Meirelles defends breaking the spending ceiling to pay R$ 600 in 2023


One of those quoted to take over the Ministry of Economy in a possible Lula government, Henrique Meirelles defended this Tuesday (25) the failure to comply with the spending ceiling to fund Auxílio Brasil in the amount of R$ 600 in 2023.

“It is not possible to reach the family that needs the R$ 600 to eat and say that, from now on, it is only R$ 400. It is not possible, at least for a long time, until the country is able to create jobs, income”, said Meirelles, during participation in a live held by the manager Kinea Investimentos, controlled by Itaú.

According to Meirelles, the difference of R$ 200 in the amount of financial assistance should generate an additional cost of R$ 53 billion for the government budget.

He stated that, in order to cover the higher amount of Auxílio Brasil and other necessary expenses in the country, such as investments in infrastructure and in the social area, an alternative would be to “create an exceptionality for 2023, what the market calls ‘waiver’ [dispensa de uma exigência]saying the following: ‘in 2023, we will exceptionally exceed the ceiling’ “, but with a signal to the market that the rules would be complied with later on, eventually with some adjustment in relation to the deadline.

Meirelles defends privatization program in the Union and in the states

The former minister and former president of the BC (Central Bank) also defended a program of privatization of state-owned companies, whether at the federal or state level. “The number of state-owned companies is very large,” he said. “Many of them have lost their purpose.”

Meirelles also stated that he is in favor of the privatization of Sabesp, so that the sanitation company in the state of São Paulo is capitalized by the private sector so that it has the capacity to make the necessary investments to expand operations and meet the demands of the population. “I hope that the governor-elect privatizes Sabesp, because it is necessary.”

PT candidate for the government of São Paulo, Fernando Haddad has positioned himself against a privatization of Sabesp.

The ex-minister also said that, if Lula wins the elections on Sunday (30), he believes that PT will walk in the economic field towards his first presidential term, with the adoption of a responsible fiscal policy and inflation within the target, which should result in economic growth and job creation.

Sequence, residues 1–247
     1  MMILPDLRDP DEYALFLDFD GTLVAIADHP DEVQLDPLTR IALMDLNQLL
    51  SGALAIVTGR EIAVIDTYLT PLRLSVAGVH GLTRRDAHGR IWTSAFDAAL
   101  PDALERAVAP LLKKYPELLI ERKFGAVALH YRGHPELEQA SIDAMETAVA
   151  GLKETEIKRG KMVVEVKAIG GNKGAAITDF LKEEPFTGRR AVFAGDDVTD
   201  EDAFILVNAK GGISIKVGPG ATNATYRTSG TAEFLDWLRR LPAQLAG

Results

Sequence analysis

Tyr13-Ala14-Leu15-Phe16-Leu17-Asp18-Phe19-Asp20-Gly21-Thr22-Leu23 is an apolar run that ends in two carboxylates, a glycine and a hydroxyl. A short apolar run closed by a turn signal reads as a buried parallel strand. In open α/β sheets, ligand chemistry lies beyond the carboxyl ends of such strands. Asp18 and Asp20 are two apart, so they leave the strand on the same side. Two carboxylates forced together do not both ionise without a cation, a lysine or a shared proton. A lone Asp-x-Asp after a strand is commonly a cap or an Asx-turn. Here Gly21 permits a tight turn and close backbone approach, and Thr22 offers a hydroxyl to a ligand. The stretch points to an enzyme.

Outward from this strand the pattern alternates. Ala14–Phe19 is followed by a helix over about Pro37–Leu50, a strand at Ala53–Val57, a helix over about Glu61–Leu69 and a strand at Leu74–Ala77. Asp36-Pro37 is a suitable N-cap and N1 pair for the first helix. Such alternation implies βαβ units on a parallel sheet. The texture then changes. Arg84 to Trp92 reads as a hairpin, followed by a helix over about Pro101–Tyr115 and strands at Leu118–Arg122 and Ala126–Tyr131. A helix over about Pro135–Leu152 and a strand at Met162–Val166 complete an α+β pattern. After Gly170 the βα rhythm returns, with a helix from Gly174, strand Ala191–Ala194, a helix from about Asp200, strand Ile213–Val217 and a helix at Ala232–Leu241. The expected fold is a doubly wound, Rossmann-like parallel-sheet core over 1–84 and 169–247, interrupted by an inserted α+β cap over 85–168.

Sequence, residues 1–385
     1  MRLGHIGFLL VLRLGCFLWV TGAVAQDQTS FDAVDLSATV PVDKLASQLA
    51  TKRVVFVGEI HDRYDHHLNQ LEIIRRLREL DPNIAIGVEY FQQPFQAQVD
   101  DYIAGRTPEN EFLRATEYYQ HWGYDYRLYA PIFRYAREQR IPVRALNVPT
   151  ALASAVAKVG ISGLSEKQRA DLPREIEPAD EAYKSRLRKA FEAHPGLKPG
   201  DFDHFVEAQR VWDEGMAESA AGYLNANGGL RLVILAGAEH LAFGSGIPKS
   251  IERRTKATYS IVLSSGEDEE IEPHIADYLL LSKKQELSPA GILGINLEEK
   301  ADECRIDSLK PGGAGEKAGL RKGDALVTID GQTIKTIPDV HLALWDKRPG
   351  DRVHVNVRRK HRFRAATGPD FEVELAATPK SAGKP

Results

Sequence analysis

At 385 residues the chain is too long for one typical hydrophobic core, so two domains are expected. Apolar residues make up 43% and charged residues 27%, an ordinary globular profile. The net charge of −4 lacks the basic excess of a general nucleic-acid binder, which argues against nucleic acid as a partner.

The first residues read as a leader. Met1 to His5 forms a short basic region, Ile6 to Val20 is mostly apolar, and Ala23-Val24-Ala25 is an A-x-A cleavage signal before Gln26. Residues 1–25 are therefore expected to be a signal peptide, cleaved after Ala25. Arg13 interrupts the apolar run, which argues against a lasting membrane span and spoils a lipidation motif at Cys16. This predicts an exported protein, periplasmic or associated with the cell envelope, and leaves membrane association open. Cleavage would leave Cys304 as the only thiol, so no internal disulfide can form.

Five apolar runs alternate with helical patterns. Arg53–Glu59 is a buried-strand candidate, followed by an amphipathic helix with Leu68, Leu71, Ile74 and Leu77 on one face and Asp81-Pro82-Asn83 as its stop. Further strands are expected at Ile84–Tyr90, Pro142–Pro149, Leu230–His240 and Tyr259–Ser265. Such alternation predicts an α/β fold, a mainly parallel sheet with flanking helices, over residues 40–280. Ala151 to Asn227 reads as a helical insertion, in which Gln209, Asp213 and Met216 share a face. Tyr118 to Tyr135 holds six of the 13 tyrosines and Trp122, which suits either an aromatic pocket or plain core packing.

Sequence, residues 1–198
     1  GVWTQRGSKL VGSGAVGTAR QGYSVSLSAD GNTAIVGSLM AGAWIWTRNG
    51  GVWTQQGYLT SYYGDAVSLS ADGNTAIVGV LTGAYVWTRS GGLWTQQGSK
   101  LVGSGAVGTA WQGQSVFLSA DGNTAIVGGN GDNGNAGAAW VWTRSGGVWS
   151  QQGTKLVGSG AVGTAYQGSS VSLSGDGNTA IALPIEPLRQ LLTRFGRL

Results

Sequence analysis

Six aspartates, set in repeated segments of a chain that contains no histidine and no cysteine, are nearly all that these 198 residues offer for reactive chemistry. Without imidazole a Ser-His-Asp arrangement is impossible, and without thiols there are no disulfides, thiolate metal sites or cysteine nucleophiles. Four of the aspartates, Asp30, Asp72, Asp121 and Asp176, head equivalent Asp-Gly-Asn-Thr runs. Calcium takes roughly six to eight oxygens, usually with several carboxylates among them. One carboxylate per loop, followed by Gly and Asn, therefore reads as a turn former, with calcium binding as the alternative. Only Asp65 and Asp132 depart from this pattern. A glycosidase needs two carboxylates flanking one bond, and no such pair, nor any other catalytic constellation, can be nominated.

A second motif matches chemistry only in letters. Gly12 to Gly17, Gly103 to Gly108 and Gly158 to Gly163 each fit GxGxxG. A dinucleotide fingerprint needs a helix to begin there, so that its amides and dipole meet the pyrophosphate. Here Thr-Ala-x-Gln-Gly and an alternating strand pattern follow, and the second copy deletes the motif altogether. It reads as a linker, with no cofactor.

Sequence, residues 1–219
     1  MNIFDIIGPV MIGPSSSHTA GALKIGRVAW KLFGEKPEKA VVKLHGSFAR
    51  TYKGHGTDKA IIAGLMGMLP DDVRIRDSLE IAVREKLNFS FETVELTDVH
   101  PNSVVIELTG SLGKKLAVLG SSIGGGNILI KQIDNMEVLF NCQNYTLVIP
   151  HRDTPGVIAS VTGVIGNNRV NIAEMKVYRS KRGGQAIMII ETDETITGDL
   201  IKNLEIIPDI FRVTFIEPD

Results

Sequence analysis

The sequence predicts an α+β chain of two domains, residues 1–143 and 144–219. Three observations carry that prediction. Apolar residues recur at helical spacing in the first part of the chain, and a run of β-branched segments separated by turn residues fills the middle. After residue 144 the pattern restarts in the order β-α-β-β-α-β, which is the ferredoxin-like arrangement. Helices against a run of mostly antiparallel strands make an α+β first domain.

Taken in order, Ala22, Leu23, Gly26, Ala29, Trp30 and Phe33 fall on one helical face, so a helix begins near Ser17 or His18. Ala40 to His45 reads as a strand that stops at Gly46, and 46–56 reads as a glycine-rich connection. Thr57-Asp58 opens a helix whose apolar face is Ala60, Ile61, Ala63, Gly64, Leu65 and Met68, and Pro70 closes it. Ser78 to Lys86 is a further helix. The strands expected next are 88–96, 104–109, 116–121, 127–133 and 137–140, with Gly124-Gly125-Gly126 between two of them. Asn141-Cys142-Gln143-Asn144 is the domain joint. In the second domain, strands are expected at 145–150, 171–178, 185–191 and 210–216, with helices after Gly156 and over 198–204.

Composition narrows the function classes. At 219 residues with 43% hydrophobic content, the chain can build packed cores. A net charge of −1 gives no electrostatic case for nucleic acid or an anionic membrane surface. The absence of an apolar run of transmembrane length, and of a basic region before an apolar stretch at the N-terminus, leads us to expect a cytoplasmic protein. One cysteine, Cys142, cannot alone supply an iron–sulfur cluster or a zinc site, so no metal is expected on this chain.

In an eventual third term of the former president, state-owned companies “will simply fulfill their role”, said Meirelles, who cited BB (Banco do Brasil) as an example. The state-owned bank will be run as a commercial bank, with the government’s aim to make it increasingly efficient and competitive with peers, he said.

Former BC president criticizes national champions policy

The former BC president also criticized the policy adopted by BNDES (National Bank for Economic and Social Development) during PT’s administration, of “national champions” — financing large companies to become a reference in their respective sectors on a global scale. “That only gave trouble, including criminals.”

According to him, the development bank should not compete with the private sector in financing large companies, focusing more on helping small and medium-sized companies to grow. “The big businessman has to finance himself in the market, he doesn’t have to finance himself in the BNDES.”

The administrative reform, to reduce the size of the State and the expenses and to make room for investments in infrastructure and in the social area, and the tax reform, to simplify the incidence of taxes in the country, were also mentioned by Meirelles among the projects that he believes that should be approved by the next government.

The former BC president also said that, in view of an expansionary fiscal policy (increasing expenditures and greater than revenues) adopted by the government in recent months, he considers that it would be reasonable for the monetary authority to promote some further small upward adjustment in the rate. interest rates, in order to signal the importance of the government’s economic responsibility.

“Maybe talk a little harder on that line,” stated Meirelles.

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